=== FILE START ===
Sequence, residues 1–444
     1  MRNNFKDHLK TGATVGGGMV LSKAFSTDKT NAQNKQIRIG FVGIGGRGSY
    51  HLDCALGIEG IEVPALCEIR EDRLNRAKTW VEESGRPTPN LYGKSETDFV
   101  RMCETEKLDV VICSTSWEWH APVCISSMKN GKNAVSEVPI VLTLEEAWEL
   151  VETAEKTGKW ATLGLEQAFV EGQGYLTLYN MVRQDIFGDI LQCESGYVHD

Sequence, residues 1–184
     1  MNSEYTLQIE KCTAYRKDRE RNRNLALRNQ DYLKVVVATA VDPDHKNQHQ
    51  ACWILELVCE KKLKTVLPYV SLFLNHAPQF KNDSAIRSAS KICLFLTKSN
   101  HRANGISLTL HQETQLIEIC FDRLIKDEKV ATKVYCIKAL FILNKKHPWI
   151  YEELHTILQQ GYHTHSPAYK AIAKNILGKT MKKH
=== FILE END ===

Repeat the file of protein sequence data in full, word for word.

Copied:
Sequence, residues 1–444
     1  MRNNFKDHLK TGATVGGGMV LSKAFSTDKT NAQNKQIRIG FVGIGGRGSY
    51  HLDCALGIEG IEVPALCEIR EDRLNRAKTW VEESGRPTPN LYGKSETDFV
   101  RMCETEKLDV VICSTSWEWH APVCISSMKN GKNAVSEVPI VLTLEEAWEL
   151  VETAEKTGKW ATLGLEQAFV EGQGYLTLYN MVRQDIFGDI LQCESGYVHD

Sequence, residues 1–184
     1  MNSEYTLQIE KCTAYRKDRE RNRNLALRNQ DYLKVVVATA VDPDHKNQHQ
    51  ACWILELVCE KKLKTVLPYV SLFLNHAPQF KNDSAIRSAS KICLFLTKSN
   101  HRANGISLTL HQETQLIEIC FDRLIKDEKV ATKVYCIKAL FILNKKHPWI
   151  YEELHTILQQ GYHTHSPAYK AIAKNILGKT MKKH